Eddie’s timings? Well, there’s a missing half hour or so after he finds Paula’s body and goes to tell his father; but to expect a man in such circumstances to behave with perfect reason is itself unreasonable. And there are unresolved discrepancies in Paula’s own timings and sightings on the fatal day.
And Paula’s apparently bubbly excitement? We now know that most suicides in pregnancy occur in the first month or in the last – when the anticipation of what’s to come veers between joy and panic. I don’t pretend to know what went on in Paula’s mind; but her insistence on perfection – she wouldn’t move into the new home until the decorating had been completed to her satisfaction, and in her larder every tin and bottle was regimentally organised with labels turned smartly to the front – would have been sorely tested by the chaos of a first baby.
And mightn’t Eddie have been proud and excited at the prospect of becoming a father – proud enough not to commit a double killing?
It’s one of those cases which would never have been prosecuted if what we know now had been known then – and that’s especially true with the recent disclosure of Paula’s diary, with its troubling accounts of a teenage romance with a convicted murderer, a suicide note from a former boyfriend whose language bears comparison with that of her own, and the revelation of an overdose at the age of 15.
The forensic psychiatrist David Canter, whose evidence formed part of the prosecution, now has no doubt that the letters were Paula’s. The former Assistant Chief Constable of Merseyside, Alison Halford, has declared the Gilfoyle case an undoubted miscarriage of justice. Desmond Browne QC and Matthew Nicklin, my own defence team at the libel trial brought by an officer involved, were so concerned at what they learned during the civil litigation that they have heroically plunged themselves into the less salubrious waters of criminal law and are among Gilfoyle’s doughtiest champions.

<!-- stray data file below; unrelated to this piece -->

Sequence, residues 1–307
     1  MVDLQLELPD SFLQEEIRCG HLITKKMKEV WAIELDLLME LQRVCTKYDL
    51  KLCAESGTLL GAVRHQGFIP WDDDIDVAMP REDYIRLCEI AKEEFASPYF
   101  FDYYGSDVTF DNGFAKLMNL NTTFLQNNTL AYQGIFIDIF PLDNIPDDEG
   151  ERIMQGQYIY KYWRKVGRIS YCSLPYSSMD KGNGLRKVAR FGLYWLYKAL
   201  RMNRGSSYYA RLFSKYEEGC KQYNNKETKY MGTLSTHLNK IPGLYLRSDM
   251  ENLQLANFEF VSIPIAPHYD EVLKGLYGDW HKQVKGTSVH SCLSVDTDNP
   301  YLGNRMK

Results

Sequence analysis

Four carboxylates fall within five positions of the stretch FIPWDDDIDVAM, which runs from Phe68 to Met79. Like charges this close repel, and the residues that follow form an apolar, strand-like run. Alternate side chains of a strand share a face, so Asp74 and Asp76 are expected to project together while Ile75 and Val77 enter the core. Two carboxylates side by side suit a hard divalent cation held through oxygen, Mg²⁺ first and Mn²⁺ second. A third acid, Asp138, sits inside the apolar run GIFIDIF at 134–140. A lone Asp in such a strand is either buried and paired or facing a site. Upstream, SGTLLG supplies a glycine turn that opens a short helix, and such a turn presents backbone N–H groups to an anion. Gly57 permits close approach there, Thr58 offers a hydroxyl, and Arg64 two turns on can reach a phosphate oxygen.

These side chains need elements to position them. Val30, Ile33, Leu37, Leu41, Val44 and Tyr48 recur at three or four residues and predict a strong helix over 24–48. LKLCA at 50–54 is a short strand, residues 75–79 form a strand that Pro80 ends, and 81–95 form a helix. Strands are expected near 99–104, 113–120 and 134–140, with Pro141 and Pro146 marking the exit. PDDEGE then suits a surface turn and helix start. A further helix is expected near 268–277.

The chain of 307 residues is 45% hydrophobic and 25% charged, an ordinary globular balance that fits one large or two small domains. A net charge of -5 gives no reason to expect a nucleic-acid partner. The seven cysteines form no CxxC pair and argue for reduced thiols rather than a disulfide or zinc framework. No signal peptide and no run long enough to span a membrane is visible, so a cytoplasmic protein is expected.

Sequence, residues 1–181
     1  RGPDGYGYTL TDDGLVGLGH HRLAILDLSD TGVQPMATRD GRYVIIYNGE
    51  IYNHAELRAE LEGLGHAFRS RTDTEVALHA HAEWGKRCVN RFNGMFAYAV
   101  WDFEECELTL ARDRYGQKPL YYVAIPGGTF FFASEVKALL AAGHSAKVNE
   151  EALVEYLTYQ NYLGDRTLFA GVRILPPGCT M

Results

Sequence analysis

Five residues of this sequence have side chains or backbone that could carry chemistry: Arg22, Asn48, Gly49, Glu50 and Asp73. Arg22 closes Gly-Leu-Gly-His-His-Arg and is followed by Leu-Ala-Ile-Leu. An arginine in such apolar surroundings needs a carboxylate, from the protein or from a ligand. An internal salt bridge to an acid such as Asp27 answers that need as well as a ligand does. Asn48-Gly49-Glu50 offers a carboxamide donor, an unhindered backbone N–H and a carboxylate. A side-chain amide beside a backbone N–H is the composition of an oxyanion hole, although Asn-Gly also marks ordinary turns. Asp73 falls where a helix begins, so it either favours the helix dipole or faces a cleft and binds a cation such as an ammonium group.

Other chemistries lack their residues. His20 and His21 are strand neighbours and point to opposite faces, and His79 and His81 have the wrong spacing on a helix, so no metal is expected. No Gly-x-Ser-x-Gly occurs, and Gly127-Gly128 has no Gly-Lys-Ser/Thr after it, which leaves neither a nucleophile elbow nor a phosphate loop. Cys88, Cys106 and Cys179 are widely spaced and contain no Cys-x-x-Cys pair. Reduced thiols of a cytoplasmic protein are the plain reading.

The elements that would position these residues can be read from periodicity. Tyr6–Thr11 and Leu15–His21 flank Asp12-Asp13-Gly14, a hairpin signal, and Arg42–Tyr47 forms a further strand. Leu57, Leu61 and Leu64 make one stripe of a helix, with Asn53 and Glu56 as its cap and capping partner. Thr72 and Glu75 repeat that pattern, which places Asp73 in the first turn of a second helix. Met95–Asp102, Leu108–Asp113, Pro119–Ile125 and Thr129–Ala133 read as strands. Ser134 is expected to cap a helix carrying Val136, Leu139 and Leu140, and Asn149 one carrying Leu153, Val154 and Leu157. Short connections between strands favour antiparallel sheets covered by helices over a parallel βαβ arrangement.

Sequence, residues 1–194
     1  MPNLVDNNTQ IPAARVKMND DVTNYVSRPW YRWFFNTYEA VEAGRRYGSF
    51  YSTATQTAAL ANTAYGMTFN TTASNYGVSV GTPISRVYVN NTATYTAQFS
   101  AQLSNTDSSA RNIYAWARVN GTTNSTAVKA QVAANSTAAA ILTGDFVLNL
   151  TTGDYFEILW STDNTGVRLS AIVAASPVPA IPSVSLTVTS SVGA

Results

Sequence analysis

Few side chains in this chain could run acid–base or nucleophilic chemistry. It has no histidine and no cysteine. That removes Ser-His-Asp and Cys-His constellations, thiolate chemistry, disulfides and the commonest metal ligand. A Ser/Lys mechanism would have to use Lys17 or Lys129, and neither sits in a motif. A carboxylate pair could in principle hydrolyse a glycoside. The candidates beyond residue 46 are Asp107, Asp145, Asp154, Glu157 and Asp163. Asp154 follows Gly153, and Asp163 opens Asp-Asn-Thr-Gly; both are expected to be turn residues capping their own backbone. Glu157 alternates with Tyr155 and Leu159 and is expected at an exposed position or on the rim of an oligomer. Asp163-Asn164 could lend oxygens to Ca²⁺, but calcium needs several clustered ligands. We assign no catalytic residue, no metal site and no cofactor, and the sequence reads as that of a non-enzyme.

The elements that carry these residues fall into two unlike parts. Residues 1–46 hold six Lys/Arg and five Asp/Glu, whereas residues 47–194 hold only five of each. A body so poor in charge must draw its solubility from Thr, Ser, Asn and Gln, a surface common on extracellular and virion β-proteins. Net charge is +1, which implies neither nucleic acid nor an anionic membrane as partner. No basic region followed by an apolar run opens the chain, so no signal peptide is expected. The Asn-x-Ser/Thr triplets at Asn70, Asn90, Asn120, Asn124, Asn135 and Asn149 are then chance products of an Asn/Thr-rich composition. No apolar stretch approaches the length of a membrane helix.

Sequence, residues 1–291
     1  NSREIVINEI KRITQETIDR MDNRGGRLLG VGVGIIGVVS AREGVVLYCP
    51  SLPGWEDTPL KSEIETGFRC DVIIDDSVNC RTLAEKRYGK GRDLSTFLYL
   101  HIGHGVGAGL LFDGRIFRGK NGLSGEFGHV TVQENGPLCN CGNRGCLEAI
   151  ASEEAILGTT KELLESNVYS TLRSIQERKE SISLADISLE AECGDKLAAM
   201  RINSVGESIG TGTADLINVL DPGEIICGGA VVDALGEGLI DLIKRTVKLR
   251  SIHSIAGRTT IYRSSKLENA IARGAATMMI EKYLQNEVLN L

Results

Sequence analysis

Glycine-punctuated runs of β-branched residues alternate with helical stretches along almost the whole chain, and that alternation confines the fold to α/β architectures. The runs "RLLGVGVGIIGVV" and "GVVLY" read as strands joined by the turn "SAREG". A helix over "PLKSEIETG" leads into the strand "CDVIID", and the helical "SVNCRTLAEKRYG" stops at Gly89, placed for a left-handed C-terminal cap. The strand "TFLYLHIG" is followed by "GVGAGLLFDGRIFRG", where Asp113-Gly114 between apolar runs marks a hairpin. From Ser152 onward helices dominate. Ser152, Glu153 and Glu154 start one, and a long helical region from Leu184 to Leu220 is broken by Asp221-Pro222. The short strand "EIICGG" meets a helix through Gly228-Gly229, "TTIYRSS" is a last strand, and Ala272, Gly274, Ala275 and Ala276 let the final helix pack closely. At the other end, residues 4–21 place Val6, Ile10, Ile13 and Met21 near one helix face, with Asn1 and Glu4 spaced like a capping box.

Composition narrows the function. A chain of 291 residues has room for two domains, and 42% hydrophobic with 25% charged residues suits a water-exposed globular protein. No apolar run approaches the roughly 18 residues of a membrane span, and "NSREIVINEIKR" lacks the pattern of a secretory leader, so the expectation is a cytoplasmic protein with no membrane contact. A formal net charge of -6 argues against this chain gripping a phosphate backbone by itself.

And now the mystery of the diary, undisclosed for 16 years.
The Criminal Cases Review Commission can only refer a conviction where there is a ‘real possibility’ that the Court will quash it. The case has already been before the CACD twice, meaning that much of what has emerged since is spent ammunition which cannot be redeployed. There is also the perception that there can be no real possibility once the court has already shown its displeasure at a referral – a genuine flaw in the relationship between the CCRC and the court given that every campaigner knows that you have to keep sending these cases back to the Court until they get it right.
But as I said, these cases always come good in the end. At the CCRC I was on the panel which referred David Cooper and Michael MacMahon for their sixth and successful appeal over the 1969 Luton Post Office murder. They were both dead by then. Let’s hope Eddie has a decent amount of life to live, when justice finally gives him his life back.
David Jessel is a broadcaster, investigative journalist (Rough Justice and Trial and Error), campaigner and former commissioner at the Criminal Cases Review Commission.